For the authors, nonrealist also means to avoid reifying the state. Krupa and Nugent argue that the idea of the centralized state is a representation created by the state itself, a technology of power. The editors affirm that we cannot study the state, but only those objects that stand for the state as well as those practices through which consent and identification are solicited. For instance, Krupa’s chapter on rural land titling and taxation in Ecuador shows how the cadastre may stand for the state and may be a means to solicit legitimacy for the state. Kim Clark’s chapter on public health institutions in Ecuador also discusses state formation as an attempt to seek legitimacy. As Clark argues, state projects become persuasive only when they fulfill at least some of the aspirations of citizens. However, Clark also shows the messiness of state practices. In campaigns to eradicate the bubonic plague, indigenous peasants were inoculated with defective vaccines that killed them instead. Sick indigenous women were raped while in the custody of public health officials. Thus, while the state may project an image of coherence, it is made up of a variety of practices, institutions, actors, and objects that may or may not put forward a coherent project. This idea builds on previous works.6
A second idea within nonrealist approaches to the state is to take into account fantasy, fear, and emotion in processes of state formation. David Nugent best develops this in his chapter on state formation in early twentieth-century highland Peru. Nugent shows that government officials design modernization projects that ignore the resources that are available in the region. Then, other government officials invent wild conspiracy theories to excuse the foreseeable failure of the projects. The reason why the truth cannot be stated—and why fantasy is so important to Peruvian state formation—is the contrast between the liberal ideals of the Peruvian state and the social reality characterized by unbearable inequalities and a great deal of coercion. Although the approach is innovative, it may have been inspired by previous works such as Michael Taussig’s Shamanism, Colonialism, and the Wild Man, which discusses how politicized fictions create the effect of the real.7
A third organizing thread in the collection relies on Marxist interpretations of state formation as a cultural process that is rooted in violence and that seeks to normalize political subjection, conceal vested interests, and silence subaltern voices. Following Abrams, the authors see the state as a bid to elicit support for the insupportable by presenting itself as legitimate and disinterested domination. The authors call this process the “state effect.”
Krupa and Nugent play with the term “state effect” to give birth to their own phrase, “state affect,” which takes us back to the issue of emotions. State affect, according to the authors, refers to the affective bond of obligation between the state and citizens and to citizens’ faith that the state has obligations toward them in relation to the most important issues in their lives. The editors argue that since these obligations remain most of the time unfulfilled, the most common emotions that people feel towards the state are frustration and disappointment. Perhaps the chapter by Winifred Tate on the Colombian Amazon better represents the state affect. Tate shows how citizens and local government officials seek to build what she calls an “aspirational state” despite widespread lack of government services and generalized violence.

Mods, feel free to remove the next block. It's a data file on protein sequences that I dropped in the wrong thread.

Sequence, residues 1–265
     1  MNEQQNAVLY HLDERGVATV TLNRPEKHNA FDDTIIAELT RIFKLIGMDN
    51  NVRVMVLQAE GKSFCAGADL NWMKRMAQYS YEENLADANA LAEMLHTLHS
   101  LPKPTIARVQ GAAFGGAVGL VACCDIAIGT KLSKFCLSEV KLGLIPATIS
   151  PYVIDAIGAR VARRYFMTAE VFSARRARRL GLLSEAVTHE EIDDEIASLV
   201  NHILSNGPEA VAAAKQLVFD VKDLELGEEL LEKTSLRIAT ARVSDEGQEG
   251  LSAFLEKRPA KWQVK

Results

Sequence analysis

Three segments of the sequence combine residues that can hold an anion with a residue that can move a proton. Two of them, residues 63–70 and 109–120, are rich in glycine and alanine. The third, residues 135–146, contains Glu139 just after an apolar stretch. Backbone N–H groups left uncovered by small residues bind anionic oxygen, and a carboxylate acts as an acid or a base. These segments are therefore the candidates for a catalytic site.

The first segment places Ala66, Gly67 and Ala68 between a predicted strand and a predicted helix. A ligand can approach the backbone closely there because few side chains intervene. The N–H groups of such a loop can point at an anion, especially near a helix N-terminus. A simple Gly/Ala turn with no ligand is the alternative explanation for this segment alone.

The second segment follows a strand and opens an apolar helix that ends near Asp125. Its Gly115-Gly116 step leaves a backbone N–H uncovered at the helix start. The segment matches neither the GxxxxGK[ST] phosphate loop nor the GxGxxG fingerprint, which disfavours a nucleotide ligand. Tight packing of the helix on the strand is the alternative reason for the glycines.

An interesting theme that runs through the chapters, but that is not highlighted in the introduction, is the legacy of the colonial state for modern Andean states. Irene Silverblatt starts her chapter stating: “Contemporary Andean polities are haunted by colonial legacies. Yet colonial legacies, so critical to the modern Andes, are often disregarded in studies of modern state making” (Krupa and Nugent, 167). Silverblatt argues that colonialism lies at the heart of the modern experience, combining modern bureaucratic rationality with hierarchical race thinking. She goes on to demonstrate that the Spanish Inquisition was a modern bureaucracy that froze racial hierarchies. Silverblatt could have explained more clearly the implications of her research for modern Andean states, but perhaps that is for others to do. Karen Spalding’s chapter argues that native political traditions had more impact on the colonial state that is often acknowledged. All this changed with the reforms of Viceroy Francisco Alvarez de Toledo (1515–1582), who imposed a more centralized monopoly of authority and aimed to behead native nobility (a centralized instead of an off-centered state?). Akhil Gupta in his afterword entitled “Viewing States from the Global South” follows up on the debate of the colonial state by comparing Latin America with India.